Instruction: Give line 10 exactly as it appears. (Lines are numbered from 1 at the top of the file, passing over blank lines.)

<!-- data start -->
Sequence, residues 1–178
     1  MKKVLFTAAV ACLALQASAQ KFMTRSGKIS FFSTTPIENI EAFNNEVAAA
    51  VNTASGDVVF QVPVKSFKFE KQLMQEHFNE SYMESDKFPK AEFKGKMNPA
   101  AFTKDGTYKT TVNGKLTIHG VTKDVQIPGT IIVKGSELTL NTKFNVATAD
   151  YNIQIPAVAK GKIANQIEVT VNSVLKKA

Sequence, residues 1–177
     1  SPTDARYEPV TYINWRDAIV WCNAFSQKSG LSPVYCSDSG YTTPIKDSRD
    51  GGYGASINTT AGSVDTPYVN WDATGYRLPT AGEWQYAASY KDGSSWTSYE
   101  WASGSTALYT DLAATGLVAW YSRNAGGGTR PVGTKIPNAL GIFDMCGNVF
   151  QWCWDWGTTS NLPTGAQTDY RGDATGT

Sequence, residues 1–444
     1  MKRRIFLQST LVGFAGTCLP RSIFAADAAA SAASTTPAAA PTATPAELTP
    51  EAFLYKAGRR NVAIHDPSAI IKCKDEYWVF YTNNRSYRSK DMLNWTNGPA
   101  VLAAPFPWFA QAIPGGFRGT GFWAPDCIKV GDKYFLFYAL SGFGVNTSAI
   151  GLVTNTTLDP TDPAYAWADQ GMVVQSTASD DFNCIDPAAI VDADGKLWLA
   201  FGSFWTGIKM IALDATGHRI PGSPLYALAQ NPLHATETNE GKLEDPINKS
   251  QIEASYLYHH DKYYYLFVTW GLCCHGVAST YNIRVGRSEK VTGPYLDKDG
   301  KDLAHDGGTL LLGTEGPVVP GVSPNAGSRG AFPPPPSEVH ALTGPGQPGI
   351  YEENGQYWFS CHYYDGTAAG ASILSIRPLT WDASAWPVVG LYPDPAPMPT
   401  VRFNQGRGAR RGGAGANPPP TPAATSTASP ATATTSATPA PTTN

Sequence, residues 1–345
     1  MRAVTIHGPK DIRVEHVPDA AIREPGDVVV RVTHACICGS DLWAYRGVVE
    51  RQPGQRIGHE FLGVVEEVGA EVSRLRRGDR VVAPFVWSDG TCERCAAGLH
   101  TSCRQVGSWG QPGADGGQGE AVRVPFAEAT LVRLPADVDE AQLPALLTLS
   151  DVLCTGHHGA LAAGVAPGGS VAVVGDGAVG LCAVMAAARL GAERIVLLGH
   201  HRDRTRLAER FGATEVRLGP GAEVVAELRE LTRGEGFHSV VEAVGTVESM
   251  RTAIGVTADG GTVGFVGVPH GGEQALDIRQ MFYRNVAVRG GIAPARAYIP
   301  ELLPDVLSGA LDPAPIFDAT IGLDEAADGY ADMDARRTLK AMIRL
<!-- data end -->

   151  QWCWDWGTTS NLPTGAQTDY RGDATGT